MODEL: JESSI/WILHELMINA; HAIR BY NATASHA LEIBEL AT ARTISTS BY TIMOTHY PRIANO USING MAKEUP FOR EVER AT AIM BEAUTY MANAGEMENT; FASHION ASSISTANT: CATERINA SANDOVAL
At Only Hearts, Helena Stuart, designer and owner of the innerwear and apparel brand, as well as three boutiques in New York and three in Rome, singled out “Game of Thrones.”
“Its costumes really bring a historical reference to me. It’s not really medieval but it has Persian, Nordic and nomadic elements,” said Stuart. “I’m really into this pool of 500 years, not just vintage Twenties.…I think it’s a big influence on fashion.
“When you see it for the first time, it may look odd — like the women in the bordellos wearing a belt, not a strap or a sash [as underwear],” said Stuart. “I’m designing a bikini with fringe and rope that’s tied to the bikini ….In ‘Game of Thrones,’ there’s this scene of a barbaric wedding feast where the women are wearing strips of leather with their breasts coming through.…On a recent trip to London, I saw four versions of a bodysuit designed just like the costumes in that scene in a window at the Lingerie Collective store.”
To capture a wide range of sartorial options, Michele Clapton, costume designer for “Game of Thrones,” said she researches different cultures and geographic climates before she creates costumes for the show’s characters, who hail from the Arctic to the ocean to the desert.
“We assessed each character widely from across the world, and because of the fantasy, we took different ideas of what we really liked, not from certain periods,” said Clapton.
For Deborah Marquit, designer of the bra and corsetry label that bears her name, color is key in her spring collection, especially the medieval-inspired combinations of gold, scarlet and ivory featured in “Game of Thrones.”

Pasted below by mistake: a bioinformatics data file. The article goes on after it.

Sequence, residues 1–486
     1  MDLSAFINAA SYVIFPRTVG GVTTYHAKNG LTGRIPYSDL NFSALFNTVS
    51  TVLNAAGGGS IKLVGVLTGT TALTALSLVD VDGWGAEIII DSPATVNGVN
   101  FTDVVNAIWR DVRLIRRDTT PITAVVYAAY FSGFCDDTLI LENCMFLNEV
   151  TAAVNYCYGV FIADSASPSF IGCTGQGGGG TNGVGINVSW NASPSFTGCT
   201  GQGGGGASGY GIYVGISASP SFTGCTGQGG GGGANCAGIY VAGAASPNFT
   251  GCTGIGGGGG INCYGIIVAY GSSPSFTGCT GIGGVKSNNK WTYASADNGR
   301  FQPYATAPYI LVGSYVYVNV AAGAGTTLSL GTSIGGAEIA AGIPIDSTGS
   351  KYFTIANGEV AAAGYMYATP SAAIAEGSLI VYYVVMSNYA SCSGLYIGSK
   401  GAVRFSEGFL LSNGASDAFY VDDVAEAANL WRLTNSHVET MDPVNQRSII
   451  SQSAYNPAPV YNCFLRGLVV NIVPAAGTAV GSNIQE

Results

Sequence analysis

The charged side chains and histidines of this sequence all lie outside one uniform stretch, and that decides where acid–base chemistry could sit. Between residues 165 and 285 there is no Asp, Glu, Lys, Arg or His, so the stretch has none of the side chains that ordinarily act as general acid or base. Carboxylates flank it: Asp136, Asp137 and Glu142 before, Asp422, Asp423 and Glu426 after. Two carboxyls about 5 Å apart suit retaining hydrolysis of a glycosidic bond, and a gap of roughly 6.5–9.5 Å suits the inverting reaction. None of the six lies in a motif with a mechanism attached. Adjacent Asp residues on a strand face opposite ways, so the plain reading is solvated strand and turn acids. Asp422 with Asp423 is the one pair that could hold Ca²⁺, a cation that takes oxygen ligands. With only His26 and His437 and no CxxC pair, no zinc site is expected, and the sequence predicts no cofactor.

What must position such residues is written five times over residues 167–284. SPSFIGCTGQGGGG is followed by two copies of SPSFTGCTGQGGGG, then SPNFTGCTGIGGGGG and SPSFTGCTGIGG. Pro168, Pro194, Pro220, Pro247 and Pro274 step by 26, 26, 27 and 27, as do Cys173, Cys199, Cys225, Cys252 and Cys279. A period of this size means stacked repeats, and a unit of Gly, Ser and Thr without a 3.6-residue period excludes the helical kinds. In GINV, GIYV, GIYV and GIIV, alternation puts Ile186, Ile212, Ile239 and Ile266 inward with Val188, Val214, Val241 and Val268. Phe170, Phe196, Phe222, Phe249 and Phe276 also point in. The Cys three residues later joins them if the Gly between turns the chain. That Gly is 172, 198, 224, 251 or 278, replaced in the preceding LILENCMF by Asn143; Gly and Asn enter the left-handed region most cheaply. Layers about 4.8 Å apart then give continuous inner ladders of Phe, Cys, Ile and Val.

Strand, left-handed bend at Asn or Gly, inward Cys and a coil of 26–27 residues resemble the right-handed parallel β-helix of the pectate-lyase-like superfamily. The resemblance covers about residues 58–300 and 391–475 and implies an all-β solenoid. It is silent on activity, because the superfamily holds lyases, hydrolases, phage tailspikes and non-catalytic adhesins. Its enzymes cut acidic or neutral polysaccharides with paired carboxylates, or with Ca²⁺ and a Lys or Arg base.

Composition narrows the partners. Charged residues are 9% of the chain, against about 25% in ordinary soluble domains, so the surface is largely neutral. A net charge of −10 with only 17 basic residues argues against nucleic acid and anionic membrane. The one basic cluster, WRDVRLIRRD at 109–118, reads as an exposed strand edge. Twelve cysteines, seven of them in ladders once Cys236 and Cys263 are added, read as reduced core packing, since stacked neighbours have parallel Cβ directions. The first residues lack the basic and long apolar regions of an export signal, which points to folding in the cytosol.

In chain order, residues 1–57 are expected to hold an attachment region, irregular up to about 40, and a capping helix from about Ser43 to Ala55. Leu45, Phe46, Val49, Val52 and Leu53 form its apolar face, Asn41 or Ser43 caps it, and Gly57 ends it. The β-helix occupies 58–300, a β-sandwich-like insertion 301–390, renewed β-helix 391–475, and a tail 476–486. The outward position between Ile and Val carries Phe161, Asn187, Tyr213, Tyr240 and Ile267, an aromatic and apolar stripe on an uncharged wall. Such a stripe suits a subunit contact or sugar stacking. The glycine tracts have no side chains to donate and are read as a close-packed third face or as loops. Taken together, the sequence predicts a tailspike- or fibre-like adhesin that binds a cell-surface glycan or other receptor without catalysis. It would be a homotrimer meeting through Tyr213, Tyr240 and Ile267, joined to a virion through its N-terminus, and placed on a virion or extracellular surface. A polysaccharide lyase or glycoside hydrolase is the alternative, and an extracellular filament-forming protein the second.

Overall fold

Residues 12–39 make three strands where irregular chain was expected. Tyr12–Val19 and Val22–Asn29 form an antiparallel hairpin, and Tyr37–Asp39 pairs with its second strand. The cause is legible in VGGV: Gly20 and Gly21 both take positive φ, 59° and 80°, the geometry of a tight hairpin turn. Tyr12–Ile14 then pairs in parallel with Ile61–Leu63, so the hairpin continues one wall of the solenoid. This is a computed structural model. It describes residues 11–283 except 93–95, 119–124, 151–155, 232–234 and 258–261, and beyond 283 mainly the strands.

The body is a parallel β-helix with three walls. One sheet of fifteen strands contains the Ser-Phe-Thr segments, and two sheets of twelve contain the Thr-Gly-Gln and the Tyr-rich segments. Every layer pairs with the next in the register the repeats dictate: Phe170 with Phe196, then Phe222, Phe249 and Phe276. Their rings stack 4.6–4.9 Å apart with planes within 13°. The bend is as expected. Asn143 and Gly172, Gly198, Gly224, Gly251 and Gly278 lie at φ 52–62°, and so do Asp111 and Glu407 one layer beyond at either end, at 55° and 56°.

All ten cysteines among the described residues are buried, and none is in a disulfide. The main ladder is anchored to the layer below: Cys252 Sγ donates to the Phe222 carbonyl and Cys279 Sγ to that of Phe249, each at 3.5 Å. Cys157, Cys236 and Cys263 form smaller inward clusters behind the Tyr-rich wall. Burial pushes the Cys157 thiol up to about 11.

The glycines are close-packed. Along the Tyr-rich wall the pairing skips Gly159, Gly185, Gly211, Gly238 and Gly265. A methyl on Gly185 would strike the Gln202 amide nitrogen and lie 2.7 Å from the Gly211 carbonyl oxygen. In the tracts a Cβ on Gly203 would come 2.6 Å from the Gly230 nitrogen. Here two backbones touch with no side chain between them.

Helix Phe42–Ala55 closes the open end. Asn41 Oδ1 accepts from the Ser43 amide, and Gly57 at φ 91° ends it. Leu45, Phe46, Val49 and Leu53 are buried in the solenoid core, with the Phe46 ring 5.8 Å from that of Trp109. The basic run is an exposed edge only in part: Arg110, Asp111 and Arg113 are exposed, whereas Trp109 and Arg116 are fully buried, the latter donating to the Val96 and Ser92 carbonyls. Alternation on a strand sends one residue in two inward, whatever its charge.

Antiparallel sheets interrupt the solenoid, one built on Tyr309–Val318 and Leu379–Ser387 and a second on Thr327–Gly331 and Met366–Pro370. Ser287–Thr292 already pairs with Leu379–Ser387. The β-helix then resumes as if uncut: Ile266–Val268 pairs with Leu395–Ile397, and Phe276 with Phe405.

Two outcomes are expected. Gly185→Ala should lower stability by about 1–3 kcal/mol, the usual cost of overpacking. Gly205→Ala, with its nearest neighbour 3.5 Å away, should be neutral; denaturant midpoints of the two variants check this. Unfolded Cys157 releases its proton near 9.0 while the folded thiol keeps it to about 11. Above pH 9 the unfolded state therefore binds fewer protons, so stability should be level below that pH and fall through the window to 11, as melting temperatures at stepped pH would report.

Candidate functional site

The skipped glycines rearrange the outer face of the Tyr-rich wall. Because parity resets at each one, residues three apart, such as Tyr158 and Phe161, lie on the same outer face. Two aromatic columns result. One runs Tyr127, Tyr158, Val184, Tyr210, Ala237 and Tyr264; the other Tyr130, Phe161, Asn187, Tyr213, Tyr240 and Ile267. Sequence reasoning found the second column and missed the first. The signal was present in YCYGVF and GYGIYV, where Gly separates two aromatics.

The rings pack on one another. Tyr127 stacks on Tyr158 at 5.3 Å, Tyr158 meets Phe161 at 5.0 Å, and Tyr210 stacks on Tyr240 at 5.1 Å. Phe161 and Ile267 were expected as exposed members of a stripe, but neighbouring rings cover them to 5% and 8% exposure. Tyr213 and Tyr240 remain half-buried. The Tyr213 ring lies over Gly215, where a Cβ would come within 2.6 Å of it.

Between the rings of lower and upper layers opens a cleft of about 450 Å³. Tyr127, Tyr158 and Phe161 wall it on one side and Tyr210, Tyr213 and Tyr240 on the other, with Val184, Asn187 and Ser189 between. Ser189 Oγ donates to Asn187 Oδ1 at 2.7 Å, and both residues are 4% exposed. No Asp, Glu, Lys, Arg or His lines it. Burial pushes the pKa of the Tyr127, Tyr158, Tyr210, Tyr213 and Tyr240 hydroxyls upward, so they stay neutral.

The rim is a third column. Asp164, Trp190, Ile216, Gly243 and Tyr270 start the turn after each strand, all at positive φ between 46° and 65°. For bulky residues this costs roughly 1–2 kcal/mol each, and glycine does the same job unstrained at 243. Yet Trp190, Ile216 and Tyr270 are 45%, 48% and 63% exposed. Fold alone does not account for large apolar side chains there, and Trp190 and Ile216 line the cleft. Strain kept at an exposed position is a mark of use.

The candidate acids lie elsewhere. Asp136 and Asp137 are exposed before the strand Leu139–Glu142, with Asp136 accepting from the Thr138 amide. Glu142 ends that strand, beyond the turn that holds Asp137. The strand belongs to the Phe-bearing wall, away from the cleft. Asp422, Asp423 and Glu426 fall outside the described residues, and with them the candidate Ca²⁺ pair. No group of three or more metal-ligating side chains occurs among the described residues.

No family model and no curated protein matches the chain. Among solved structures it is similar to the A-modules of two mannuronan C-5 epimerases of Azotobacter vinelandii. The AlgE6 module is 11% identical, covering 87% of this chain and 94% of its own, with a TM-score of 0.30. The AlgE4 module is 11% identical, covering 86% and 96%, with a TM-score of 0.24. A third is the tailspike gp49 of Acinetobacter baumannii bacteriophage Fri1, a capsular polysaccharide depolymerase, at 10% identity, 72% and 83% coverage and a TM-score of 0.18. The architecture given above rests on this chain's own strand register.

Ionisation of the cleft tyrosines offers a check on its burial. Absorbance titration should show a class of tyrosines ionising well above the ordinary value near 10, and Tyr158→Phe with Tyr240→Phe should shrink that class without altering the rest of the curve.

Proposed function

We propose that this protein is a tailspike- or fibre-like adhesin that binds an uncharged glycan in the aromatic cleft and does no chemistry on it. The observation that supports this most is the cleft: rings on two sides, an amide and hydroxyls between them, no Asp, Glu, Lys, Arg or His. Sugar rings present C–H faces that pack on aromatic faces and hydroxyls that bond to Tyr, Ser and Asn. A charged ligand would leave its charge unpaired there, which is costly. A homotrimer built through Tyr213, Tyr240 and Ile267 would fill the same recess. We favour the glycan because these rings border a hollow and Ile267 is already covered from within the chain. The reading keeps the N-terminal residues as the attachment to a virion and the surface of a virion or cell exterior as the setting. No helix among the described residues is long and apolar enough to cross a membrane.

“I love the costumes in the show and also like the pageantry and flowing gowns combined with gold juxtaposed against the background sets displaying earth, rock and castle interiors,” said Marquit. “From this I have been inspired to use gold metal elements such as gold rings and slides on bra straps with white sheers and ice blue tulles for spring 2013, combined with deep scarlet-colored lace slips, lace pants and bed jackets.”
Marquit’s inspiration for spring is also fired up by another HBO hit, “True Blood,” from which she is gleaning the “stark contrast of colors worn by the characters.” Her fall lineup was inspired by HBO’s remake of “Mildred Pierce,” and features lots of vintage-style undergarments.
Meanwhile, Jan Snodgrass, president of Hanro USA, said a Vintage Charme group launched in spring 2011 was the first in a series of luxurious lines to embody a “pure retro statement of Hanro’s extensive Archive Collection.” The collection, which was launched following the first season of “Boardwalk Empire” in 2010, features seamless rib knits of mercerized cotton combined with antique-looking woven lace. Special details include the hand-crafted lace edging, delicate bows and mother-of-pearl buttons, which were popular trims in the Twenties.
“Each individual model is a real collector’s item, and the whole idea has been selling very well at retail. We are putting a focus on this [‘Boardwalk Empire’ look] and that’s why it’s been so popular,” said Snodgrass.
As for the importance of intimates in the Twenties, John Dunn, costume designer for “Boardwalk Empire,” said undergarments played a “very big role” in a woman’s station in society. “Underwear and lingerie were very important and it was a status symbol, especially layering beautiful lace and silk underwear underneath a beautiful chiffon or georgette dress so it could be seen,” Dunn said. “A woman of means would definitely have had an extensive wardrobe of underwear and lingerie.”